"Me for dive, signor—me for dive," they both again sung out, hoping to get another coin from Raby.
"No, no more me for dive, you blackguards," he answered, shaking his head. "You've had quite enough from these two Master Greens already."
And the lads, after singing out a few more times, pulled on ahead, still crying, "Me for dive, signor; me for dive;" though little, beyond a few pence, did they get from the crew of an old Mediterranean cruiser like the Ione.
"Now suppose there were sharks here as they have in the West Indies, it would not be quite so easy to go overboard as it is," observed Duff, who quickly recovered his temper, which he had lost with his half-crown.
"Oh, these fellows would laugh at a shark," answered Raby. "Why even the blackies don't fear them, and will attack and kill the largest. By the by, did you ever hear of the big fellow they keep in Port Royal harbour to do the duty of guard-boat? Not a man dares swim on shore when big Tom is on duty, and he never takes a snooze they say."
"You don't mean to say so," said Togle, "but how do they manage to keep him there?"
"Oh, the Government promised him a superannuated pension when he's no longer fit for work; but, as he finds he must go on shore to receive it, he is obliged to keep afloat; though he's been so many years at it that no one remembers when he first came on the station."
"He must be a rum old joker," observed Duff. "Hillo, here comes old Monsieur Collet with his cargo of ginger-beer. Let's go and get some; for I'm very thirsty."
And away they all three scrambled to the gangway, to which a boat had come with a little wizened old man in her, and laden with bottles of ginger-beer, and other refreshing drinks.
"Hand us up ginger-beer there," sung out Jemmy Duff. "But, I say, Monsieur Collet, remember, no pop—no pay."
"Oh, no, signor. All my ginger-beer pop very much."
And, to prove the truth of his assertion, off went half a dozen of his bottles fizzing away together; some, however, remained, and the old Frenchman insisted on himself cutting the lashings of the corks to give full effect of the pop. He would then put a far from clean thumb over the mouth to prevent the liquid from escaping; but still the froth would fiz and fume round it.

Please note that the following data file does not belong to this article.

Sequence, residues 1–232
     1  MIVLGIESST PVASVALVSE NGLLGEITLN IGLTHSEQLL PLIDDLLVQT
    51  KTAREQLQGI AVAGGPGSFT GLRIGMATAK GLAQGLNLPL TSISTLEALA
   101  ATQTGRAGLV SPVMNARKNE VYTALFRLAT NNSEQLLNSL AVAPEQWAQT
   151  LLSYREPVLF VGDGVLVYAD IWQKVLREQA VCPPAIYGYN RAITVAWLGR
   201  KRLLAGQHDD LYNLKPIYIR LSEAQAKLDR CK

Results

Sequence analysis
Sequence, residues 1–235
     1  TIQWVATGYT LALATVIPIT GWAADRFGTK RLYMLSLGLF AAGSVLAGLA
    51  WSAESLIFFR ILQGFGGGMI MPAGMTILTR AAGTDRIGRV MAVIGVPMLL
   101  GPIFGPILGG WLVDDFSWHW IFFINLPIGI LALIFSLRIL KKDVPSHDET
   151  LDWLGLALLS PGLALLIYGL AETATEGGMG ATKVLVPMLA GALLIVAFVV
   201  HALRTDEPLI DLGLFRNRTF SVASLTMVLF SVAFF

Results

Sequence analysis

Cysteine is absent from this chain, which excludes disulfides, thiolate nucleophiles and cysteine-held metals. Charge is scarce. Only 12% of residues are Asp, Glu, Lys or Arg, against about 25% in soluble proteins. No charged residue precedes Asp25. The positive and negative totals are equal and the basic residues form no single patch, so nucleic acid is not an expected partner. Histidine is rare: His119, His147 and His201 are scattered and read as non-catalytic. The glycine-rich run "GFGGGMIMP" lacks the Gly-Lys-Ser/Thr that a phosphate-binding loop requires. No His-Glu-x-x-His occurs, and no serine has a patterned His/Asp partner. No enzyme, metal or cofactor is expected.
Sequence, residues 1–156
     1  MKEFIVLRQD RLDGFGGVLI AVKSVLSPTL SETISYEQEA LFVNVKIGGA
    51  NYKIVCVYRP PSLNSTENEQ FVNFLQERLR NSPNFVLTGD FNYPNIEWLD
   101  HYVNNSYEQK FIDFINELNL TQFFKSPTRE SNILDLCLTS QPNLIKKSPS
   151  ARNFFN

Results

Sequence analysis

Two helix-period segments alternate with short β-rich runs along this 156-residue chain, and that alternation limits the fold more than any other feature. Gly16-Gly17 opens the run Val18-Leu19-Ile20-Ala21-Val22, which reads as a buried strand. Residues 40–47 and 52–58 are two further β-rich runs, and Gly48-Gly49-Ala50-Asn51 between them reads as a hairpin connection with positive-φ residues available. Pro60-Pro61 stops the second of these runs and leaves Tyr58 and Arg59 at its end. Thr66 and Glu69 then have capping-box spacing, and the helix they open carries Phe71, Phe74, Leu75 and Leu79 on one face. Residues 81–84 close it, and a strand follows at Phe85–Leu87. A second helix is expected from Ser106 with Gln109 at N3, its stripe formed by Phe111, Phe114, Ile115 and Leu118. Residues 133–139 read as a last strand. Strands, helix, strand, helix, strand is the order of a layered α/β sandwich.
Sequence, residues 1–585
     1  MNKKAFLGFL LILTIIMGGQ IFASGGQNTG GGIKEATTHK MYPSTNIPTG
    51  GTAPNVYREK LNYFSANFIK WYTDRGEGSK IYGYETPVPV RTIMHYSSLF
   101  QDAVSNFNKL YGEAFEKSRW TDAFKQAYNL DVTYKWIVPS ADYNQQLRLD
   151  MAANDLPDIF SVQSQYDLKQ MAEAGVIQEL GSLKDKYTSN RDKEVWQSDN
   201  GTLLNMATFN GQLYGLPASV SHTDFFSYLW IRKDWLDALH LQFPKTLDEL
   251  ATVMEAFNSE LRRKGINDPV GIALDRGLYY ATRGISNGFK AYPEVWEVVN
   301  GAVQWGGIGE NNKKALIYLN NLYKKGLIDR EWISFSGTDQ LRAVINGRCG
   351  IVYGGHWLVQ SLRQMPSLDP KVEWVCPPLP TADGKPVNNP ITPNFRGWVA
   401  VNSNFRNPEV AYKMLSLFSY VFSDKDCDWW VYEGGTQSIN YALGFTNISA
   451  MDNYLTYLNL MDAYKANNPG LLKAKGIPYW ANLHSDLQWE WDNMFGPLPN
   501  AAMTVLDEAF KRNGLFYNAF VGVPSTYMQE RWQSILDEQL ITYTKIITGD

"Thank ye, Monsieur Collet, none of your digitalis for me," remarked the assistant surgeon, who observed the operation, which, however, few others seemed to care for.
The attention of the idlers was soon drawn off from old Collet, and his refreshing draughts, towards a boat which pulled alongside, filled with musicians, who if they produced sounds not especially harmonious, took care that they should be loud enough to be heard far and wide.
"Huzza for the Banjee," sung out some of the men forward. "Come, Smaitch, tip us a tune there—Go ahead, Banjee!" and on this requisition the performers in the Banjee boat began to exert their talents to the great delight of their hearers, who rewarded them with showers of pence. Not, however, of this character are the principal Banjee boats; which really contain very good musicians, who enliven the harbour with their sweet harmony, and are often some of the best performers from the Opera House. Valetta harbour is in truth as lively and animated, as interesting and picturesque a sheet of water as is to be found in any part of the world. On the north side of where the ship lay were the dazzling white walls of the city towering towards the blue sky, with the Marina below them, and numerous vessels moored along the quays; on the other side the frowning batteries of Fort Saint Angelo, and the Venetian looking canal, called Dockyard Creek; many of the houses having doors cut through the rock opening down to the water, the whole wearing an aspect more Oriental than European. Then the boats, darting about in every direction, mostly painted bright green and yellow, with upright sterns rising high above the gunnel, and great big eyes painted on the bows—very often having the name of some ship or other on them in addition.
And the boatmen, with their long red or blue caps, the tassel reaching to their waists, their gay waistcoats, their shirt-sleeves rolled up above their elbows exhibiting their brawny arms, their red sashes, their blue overall trousers, and their nankeen ones below, are not unworthy of remembrance. But the most picturesque objects are the lateen sails with their long tapering yards either wing and wing when skimming along before the wind, or heeling over when close-hauled upon it.
Such in part was the scene viewed from the deck of the Ione.
Captain Fleetwood sat meditating in his cabin. He had read all his letters from home. They contained nothing that was not satisfactory, and yet his thoughts were far from cheerful. He was out of spirits at not hearing from Ada; from being unable to gain any information about her. He, however, had received no positive orders for sailing, and he trusted that tomorrow or the following day some vessel from Cephalonia might arrive, and bring a letter for him; still his heart would sink with forebodings of ill, when he recollected the suspicions he had entertained, and the warnings he had given to Bowse respecting the speronara and her crew. A man who is in love, when he is absent from the object of his affections, is certainly very much to be pitied, if he has the slightest particle of imagination; for he is sure to employ it in conceiving that all sorts of misfortunes and miseries, and disasters, are befalling her.
He was aroused from his meditations by a message from the governor, requesting to see him immediately, on urgent business. He sprang up, put on his cocked hat, buckled to his sword-belt, and ordering his gig to be manned, pulled on shore as fast as he could, and toiled upwards, by steps innumerable, to the governor's palace.